“Maria, no credible attorney is going to go out and actually show the evidence to the mainstream media to have them pick apart and especially dox witnesses, when we’ve already had this type of intimidation of our own attorneys,” Ellis said.
To put Ellis’s comments on television in the context of what she is now admitting, she’s saying the evidence that she assured viewers existed, somewhere, didn’t actually prove what she believed it did. She apparently misunderstood it. Perhaps a more public vetting would have been a good thing?
That’s a particularly stunning explanation when it comes to the last bullet point mentioned above: the one about there somehow being more than 500,000 illegal votes in Arizona. That amount would account for in excess of 1 out of every 7 votes in the state. It just wasn’t a serious claim, even before it was repeatedly confirmed that there was nothing to back it up.
These are pretty remarkable things for a lawyer to flub. But that’s what Ellis says happened. She apparently contends that she decided to allege a massive conspiracy that she now acknowledges “undermined the American public’s confidence in the presidential election,” as the court filing states — and she even reportedly drafted a plot to overturn the election on Jan. 6 in part by having Vice President Mike Pence reject the submitted electoral votes — based on misunderstandings.
But in effectively admitting that she didn’t have the goods to make such claims, she has plenty of company.
Sidney Powell, who has been targeted for disbarment and ordered to pay for frivolous claims, has contended in the Dominion case that “reasonable people would not accept” her statements at face value. She later acknowledged that maybe the “Kraken” she promised wasn’t all it was cracked up to be.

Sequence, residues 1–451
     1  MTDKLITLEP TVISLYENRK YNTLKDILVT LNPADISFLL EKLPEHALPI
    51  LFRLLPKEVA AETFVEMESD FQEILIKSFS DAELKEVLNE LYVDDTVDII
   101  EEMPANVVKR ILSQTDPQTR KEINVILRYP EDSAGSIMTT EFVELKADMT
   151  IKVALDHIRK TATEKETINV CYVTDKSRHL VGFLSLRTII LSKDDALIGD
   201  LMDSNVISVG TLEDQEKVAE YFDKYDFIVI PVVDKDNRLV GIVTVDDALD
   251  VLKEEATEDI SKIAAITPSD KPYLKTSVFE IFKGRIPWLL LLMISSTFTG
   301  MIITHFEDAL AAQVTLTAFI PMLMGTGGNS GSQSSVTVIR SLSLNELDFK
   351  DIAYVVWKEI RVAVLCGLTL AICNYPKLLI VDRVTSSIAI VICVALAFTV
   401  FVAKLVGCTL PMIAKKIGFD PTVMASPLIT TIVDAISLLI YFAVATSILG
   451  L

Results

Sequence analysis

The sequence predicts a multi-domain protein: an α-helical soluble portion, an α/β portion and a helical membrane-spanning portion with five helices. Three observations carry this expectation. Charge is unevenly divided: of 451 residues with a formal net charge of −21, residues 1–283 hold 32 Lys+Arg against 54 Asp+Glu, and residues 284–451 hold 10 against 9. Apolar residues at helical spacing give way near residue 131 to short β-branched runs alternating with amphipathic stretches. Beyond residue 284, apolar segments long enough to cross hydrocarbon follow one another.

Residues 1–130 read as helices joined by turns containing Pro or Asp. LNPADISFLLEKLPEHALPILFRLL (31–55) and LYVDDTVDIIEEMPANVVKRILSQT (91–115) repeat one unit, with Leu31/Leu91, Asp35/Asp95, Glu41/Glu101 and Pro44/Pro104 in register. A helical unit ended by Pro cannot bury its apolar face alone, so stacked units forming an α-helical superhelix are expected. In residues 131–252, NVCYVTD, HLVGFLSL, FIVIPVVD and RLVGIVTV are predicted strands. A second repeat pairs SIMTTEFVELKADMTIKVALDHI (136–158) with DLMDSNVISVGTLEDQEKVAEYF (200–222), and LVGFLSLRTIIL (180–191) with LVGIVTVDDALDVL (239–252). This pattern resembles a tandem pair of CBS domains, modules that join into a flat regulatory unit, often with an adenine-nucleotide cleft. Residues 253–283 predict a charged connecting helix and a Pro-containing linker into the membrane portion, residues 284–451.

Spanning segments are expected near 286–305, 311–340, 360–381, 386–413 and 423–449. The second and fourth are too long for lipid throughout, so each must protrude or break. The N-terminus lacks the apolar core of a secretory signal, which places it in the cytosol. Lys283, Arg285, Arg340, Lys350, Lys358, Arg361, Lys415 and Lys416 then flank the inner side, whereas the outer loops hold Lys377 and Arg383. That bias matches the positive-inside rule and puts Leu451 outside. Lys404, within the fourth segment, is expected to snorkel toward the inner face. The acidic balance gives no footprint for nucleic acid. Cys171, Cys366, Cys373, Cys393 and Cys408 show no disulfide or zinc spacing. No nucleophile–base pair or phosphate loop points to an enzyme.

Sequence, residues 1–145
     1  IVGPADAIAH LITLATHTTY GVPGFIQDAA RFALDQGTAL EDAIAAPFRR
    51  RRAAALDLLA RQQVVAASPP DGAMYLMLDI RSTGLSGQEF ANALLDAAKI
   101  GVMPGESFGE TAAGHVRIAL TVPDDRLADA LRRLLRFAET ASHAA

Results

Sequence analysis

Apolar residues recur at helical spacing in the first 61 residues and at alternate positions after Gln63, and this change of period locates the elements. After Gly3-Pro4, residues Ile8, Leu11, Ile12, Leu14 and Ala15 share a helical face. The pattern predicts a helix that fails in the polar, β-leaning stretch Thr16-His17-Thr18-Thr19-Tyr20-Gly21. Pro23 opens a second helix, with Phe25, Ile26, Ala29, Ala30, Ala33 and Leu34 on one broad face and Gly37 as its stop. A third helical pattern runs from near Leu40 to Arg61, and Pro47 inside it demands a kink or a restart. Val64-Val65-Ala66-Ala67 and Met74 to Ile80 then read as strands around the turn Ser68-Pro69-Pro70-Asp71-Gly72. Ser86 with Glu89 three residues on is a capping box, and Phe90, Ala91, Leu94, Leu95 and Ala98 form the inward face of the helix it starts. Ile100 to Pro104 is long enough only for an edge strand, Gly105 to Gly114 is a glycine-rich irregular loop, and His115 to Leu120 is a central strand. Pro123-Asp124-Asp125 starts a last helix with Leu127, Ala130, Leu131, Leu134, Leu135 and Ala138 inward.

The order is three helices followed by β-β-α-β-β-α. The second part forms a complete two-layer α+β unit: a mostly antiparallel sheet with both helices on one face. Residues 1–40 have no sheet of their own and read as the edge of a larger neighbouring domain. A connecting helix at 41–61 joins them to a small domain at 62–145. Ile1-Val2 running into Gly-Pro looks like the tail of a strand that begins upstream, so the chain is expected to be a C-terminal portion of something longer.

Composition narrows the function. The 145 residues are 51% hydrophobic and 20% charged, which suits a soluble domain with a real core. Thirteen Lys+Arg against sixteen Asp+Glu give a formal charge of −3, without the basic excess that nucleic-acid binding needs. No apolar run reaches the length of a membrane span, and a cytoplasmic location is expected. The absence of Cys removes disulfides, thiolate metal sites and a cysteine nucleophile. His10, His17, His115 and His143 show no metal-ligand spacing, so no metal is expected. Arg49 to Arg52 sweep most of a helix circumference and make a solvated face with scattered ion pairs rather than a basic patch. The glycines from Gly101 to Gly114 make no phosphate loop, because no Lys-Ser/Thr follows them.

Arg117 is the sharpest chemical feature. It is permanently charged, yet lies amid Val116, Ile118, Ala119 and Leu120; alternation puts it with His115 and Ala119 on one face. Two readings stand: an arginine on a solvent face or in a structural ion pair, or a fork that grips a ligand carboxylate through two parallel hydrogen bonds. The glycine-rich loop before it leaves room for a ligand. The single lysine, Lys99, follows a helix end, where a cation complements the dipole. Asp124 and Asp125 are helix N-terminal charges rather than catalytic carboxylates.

“Millions of Americans believe the central contentions of [Powell’s] complaint to be true,” reads a filing from a case seeking the disbarment of Powell and another lawyer, “and perhaps they are.”
Even when Trump’s lawyers and their allies were taking his claims to court, they often conspicuously admitted that they weren’t actually alleging the voter fraud, dead people voting or rigged voting machines that Trump spoke about publicly. Actually proving those things seemed to be too high a bar to clear. So instead they pointed to alleged irregularities and process problems.
And those spouting or promoting the voting-machine claims repeatedly backed down or clarified in the face of legal pressure, including Fox, Newsmax, One America News and the conservative website the American Thinker.
Newsmax apologized to a Dominion employee who was invoked, acknowledging it “subsequently found no evidence that such allegations were true.” OAN settled a defamation lawsuit filed by two Georgia election workers it had spotlighted, acknowledging that an investigation showed they “did not engage in ballot fraud or criminal misconduct.” The American Thinker issued a full-throated apology acknowledging the sources it relied upon were “discredited” and saying their “statements are completely false and have no basis in fact.”
Despite this series of walk-backs, polls indicate that a majority of Republicans apparently still believe the election was stolen. They were led to believe that by many people who have now admitted — either explicitly or effectively — that they didn’t have the goods to back up their claims. And now one of them acknowledges that the case was made for “selfish” reasons.
It was certainly a heck of a thing to be careless about, to the extent that’s what happened.
Aaron Blake is senior political reporter, writing for The Fix. A Minnesota native, he has also written about politics for the Minneapolis Star Tribune and The Hill newspaper. Follow him on Twitter @aaronblake.